Our mission as a community organization is to encourage the preservation and celebration of artifacts, historic sites and structures in Avon Lake. We endeavor to serve and engage the citizenship through accessible education programs involving the life, history, and heritage of Avon Lake.
The City of Avon Lake is situated in the northeast corner of Lorain County, encompassing 5 miles along the south shore of Lake Erie, and extending 3 miles south. Geologically, it had been entirely submerged by Lake Erie. As the lake receded, it left a shoreline dense with a clay-based mixture later discovered to be conducive to the cultivation of grapes. Avon Lake’s site was first occupied by Indians. It later fell under French dominion, with title then being wrested by the English. Following the War of 1812 and the ensuing formation of the Connecticut Western Reserve, Tract 7 in Range 16 was created, eventually giving home to Avon Lake.
The Lake Shore’s first recorded settler was Noah Davis, who constructed a lean-to around 1812 near the present location of Moore and Lake Roads, but remained less than a year. First known as Xeuma, then Troy in 1818, the territory that would a century later become Avon Lake was initially part of Cuyahoga County. One of the shore’s earliest permanent settlers was Adam Miller, who arrived with his family in 1819. In 1824, Lorain County was incorporated, and Troy became Avon in December of that year. In 1830, Adam Miller’s son Peter built the first frame house in what would eventually become Avon Lake. In 1855, Lake Road was lost to the ravages of Lake Erie and was reconstructed at its current location.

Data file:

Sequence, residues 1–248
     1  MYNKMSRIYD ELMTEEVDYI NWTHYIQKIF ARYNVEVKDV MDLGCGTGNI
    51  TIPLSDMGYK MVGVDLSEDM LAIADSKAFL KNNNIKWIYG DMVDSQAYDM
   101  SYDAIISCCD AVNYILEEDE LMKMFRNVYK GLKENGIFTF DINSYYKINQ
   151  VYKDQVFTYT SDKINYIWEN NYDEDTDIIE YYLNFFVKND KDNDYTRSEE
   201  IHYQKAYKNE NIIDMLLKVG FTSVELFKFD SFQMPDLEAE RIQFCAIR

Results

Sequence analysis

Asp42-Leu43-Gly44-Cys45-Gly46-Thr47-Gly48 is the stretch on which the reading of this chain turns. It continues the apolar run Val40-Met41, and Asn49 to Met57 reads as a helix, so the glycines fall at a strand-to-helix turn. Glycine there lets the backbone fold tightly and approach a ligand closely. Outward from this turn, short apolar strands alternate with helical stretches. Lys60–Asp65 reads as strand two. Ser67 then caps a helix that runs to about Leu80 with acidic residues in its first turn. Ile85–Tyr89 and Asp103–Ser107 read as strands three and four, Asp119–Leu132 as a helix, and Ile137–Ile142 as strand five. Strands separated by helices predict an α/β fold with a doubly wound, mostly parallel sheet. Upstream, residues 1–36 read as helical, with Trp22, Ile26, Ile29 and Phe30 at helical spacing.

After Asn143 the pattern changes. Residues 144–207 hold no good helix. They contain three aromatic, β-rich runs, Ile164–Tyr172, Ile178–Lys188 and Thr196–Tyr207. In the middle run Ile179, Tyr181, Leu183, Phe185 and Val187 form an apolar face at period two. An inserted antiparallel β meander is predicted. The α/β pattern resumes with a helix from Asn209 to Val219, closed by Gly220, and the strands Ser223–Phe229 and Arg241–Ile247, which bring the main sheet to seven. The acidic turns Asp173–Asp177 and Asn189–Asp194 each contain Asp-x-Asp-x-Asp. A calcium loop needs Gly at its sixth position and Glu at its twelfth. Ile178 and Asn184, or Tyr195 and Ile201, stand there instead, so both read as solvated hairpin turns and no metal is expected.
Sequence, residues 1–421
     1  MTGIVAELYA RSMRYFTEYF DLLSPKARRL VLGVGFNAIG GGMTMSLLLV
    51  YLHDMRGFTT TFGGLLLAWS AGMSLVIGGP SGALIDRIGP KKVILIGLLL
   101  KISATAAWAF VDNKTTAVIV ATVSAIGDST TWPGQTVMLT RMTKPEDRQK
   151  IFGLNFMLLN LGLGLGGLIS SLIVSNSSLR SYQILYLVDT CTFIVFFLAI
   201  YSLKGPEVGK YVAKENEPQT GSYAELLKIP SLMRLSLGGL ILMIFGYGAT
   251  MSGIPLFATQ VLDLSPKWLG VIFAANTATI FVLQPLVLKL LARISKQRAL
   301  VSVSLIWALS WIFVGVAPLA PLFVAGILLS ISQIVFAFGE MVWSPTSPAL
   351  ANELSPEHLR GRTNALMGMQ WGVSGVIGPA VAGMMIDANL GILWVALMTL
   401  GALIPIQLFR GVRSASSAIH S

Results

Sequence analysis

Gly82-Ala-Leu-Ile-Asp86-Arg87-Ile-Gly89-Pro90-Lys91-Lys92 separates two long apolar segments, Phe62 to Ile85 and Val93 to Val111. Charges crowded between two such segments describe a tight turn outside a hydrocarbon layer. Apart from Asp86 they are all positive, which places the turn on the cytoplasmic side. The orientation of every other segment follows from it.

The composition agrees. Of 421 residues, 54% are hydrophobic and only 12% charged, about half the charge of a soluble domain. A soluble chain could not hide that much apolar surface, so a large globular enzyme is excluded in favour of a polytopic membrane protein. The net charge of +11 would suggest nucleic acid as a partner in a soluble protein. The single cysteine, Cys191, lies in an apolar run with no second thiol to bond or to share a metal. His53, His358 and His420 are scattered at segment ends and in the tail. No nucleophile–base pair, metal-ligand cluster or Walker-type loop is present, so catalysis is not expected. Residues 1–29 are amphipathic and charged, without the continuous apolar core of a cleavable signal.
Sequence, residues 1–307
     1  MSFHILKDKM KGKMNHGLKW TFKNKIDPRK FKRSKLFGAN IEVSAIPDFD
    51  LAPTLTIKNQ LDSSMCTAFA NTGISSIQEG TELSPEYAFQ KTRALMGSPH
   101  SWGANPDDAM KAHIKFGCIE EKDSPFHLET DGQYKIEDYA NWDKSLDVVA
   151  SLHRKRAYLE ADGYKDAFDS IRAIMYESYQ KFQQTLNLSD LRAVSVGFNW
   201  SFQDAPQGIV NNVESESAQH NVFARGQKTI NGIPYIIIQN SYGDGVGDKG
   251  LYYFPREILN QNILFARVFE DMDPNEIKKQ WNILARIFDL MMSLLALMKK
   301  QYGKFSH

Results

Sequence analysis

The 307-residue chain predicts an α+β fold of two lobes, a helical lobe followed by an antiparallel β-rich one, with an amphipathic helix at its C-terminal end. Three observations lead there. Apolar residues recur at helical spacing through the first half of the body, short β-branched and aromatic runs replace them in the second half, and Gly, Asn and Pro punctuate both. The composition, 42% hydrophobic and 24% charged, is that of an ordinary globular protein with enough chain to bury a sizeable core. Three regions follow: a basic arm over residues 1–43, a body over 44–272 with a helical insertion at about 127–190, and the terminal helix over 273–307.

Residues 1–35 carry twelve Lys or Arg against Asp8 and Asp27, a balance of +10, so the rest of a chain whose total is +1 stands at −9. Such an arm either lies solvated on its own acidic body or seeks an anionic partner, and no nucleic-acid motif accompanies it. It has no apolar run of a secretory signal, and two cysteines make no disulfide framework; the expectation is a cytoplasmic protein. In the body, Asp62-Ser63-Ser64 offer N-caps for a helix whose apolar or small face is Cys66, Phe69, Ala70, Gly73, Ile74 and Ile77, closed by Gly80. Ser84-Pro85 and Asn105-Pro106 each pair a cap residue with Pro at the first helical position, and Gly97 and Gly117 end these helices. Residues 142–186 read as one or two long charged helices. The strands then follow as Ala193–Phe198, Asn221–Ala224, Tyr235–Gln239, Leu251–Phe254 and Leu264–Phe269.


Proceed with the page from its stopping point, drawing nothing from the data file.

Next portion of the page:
The farming industry expanded, fruit crops were bountiful, and shipping became lucrative. The shore’s grapes produced a superior quality wine. Prosperity in the northern section of Avon outpaced that of southern Avon, and by 1910, northern Avon began the process of petitioning for separation from Avon. After much political wrangling, secession was accomplished, with the Nickle Plate Railroad tracks constituting the north-south division. Avon Lake elected its first mayor – Gerald Brown – in 1917.
The Lake Shore Electric Railway made its way into Avon Lake at the close of the 19th century, and fostered development of Beach Park, with a dance hall and bathing beach that drew vacationers for miles from the east and west. In 1923, the Cleveland Illuminating Company purchased Beach Park and constructed a power plant on that site. In 1938, the Lake Shore Electric Railway made its last run. Avon Lake was the undisputed beneficiary of the Railway’s heyday, as property values soared. Housing developments were rapidly expanding, and population increased. By 1960, Avon Lake’s census qualified it for city status. The lake continues to draw admirers, as boaters, fishermen and enthusiasts of spectacular sunsets make their way to the shores of Avon Lake, a city with a rich history.